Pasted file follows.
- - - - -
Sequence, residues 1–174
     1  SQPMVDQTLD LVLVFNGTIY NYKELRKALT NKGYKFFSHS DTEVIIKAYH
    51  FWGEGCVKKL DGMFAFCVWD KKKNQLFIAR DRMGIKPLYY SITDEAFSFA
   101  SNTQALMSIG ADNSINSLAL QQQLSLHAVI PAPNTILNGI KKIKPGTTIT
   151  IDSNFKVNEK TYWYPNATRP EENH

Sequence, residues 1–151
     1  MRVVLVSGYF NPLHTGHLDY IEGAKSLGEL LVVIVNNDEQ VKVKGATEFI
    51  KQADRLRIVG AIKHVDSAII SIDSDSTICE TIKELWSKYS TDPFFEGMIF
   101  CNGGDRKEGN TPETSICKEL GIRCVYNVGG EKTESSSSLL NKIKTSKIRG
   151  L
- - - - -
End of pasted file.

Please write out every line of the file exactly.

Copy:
Sequence, residues 1–174
     1  SQPMVDQTLD LVLVFNGTIY NYKELRKALT NKGYKFFSHS DTEVIIKAYH
    51  FWGEGCVKKL DGMFAFCVWD KKKNQLFIAR DRMGIKPLYY SITDEAFSFA
   101  SNTQALMSIG ADNSINSLAL QQQLSLHAVI PAPNTILNGI KKIKPGTTIT
   151  IDSNFKVNEK TYWYPNATRP EENH

Sequence, residues 1–151
     1  MRVVLVSGYF NPLHTGHLDY IEGAKSLGEL LVVIVNNDEQ VKVKGATEFI
    51  KQADRLRIVG AIKHVDSAII SIDSDSTICE TIKELWSKYS TDPFFEGMIF
   101  CNGGDRKEGN TPETSICKEL GIRCVYNVGG EKTESSSSLL NKIKTSKIRG
   151  L